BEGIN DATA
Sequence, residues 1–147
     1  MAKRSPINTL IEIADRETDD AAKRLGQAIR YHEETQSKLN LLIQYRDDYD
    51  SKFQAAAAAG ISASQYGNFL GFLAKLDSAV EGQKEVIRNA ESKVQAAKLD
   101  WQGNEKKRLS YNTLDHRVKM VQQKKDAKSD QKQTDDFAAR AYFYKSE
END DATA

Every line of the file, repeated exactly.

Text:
Sequence, residues 1–147
     1  MAKRSPINTL IEIADRETDD AAKRLGQAIR YHEETQSKLN LLIQYRDDYD
    51  SKFQAAAAAG ISASQYGNFL GFLAKLDSAV EGQKEVIRNA ESKVQAAKLD
   101  WQGNEKKRLS YNTLDHRVKM VQQKKDAKSD QKQTDDFAAR AYFYKSE